Editorial: Laws banning children from bars uncalled forThe North Dakota Senate decided Wednesday that the state should not have a law allowing minors to eat in bars.
The North Dakota Senate decided Wednesday that the state should not have a law allowing minors to eat in bars.
North Dakota should not have a law regarding the issue of children entering bars at all. This is not an issue.
Since when is it the government’s responsibility to raise our children?
The Senate voted 30-17 to defeat the bill that would have allowed minors in if the bar serves tabletop food prepared in a kitchen with at least an indoor grill. The bar also needed to be smoke-free.
Some say a minors’ exposure to people drinking in bars puts them at a higher risk to follow those behaviors and may promote underage drinking.
It is probable that a number of these children see riskier behaviors on TV or the web.
There is also a good chance a number of children are exposed to less-desirable behaviors in their own homes.
Going for burgers or pizza at a bar in many rural towns is often looked forward to by families. A bar may be the closest place (sometimes within many miles) to sit down as a family and enjoy a meal out. In rural areas, bars are also community gathering places for birthday parties and sometimes special suppers and events.
Sorry lawmakers, it seems likely the rules keeping children from taverns now are not being abided by.
Also, was any thought put into those out-of-staters who come to North Dakota who are used to living in free states where they can decide to eat where they’d like with their children? Who gets to tell them to leave an establishment? It could be the last time they decide to spend their money in North Dakota.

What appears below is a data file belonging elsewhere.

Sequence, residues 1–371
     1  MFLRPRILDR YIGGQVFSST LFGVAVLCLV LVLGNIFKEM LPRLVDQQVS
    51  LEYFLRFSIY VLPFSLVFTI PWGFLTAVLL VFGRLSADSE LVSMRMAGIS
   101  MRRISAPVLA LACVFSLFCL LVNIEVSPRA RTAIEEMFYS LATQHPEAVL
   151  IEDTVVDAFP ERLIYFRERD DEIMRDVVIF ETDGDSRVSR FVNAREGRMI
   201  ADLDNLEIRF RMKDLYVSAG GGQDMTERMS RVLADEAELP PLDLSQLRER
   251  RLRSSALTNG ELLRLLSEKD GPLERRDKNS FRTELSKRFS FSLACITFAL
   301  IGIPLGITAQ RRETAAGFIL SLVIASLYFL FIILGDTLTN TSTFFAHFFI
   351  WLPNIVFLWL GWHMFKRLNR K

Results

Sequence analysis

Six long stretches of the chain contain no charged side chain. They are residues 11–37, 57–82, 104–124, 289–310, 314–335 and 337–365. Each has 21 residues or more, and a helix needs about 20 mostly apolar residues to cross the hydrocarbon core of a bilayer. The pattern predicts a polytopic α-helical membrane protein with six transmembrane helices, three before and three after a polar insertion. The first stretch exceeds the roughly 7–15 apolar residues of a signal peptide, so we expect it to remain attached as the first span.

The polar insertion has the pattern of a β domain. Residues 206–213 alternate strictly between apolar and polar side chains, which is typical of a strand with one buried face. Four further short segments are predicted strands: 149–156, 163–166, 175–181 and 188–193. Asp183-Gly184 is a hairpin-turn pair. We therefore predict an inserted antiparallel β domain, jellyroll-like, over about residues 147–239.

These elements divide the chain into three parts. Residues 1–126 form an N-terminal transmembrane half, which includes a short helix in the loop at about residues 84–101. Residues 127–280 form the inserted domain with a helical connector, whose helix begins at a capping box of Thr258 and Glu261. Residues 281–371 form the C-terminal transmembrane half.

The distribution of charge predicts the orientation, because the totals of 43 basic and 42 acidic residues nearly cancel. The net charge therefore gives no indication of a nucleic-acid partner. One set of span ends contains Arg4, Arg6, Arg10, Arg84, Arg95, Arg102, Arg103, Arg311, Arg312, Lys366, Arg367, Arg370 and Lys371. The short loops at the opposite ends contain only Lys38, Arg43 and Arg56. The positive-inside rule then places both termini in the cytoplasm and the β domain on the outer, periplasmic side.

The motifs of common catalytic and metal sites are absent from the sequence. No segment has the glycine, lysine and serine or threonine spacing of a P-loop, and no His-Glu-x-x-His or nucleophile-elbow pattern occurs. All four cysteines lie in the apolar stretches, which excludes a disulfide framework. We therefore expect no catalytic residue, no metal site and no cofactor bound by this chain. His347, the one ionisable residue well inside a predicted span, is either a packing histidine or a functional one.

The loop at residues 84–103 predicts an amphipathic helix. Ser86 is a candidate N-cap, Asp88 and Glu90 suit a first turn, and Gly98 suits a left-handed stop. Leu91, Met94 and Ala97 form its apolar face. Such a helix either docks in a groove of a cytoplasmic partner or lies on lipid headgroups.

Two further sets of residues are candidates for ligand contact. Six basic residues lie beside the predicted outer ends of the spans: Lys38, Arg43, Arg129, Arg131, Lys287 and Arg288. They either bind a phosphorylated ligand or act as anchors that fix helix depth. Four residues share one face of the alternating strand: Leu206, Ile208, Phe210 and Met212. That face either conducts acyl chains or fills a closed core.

Laws such as these stomp on our liberties. What’s next? A law that wouldn’t allow kids in a car with a parent who is smoking? (Wait, that idea has already been tossed around.) Maybe a law banning kids from racetracks where drivers partake in risky behavior by speeding and crashing into others is necessary.
Isolating children from all bad behavior is a slippery slope. It is a parent’s duty to let their children know what is right and wrong but keeping them in the dark — not the way to go about it.
Not stepping foot in those off-limits businesses only peak curiosity and may be doing just the opposite of what lawmakers hope for — make children want to check them out even more.
Imagine a teen, or even 20-year-old, who heads to another state to visit friends, or attend college and has the opportunity to go to a bar for food for the first time. What a shock that would be.
Publisher Harvey Brock and Managing Editor Jennifer McBride make up The Press Editorial Board.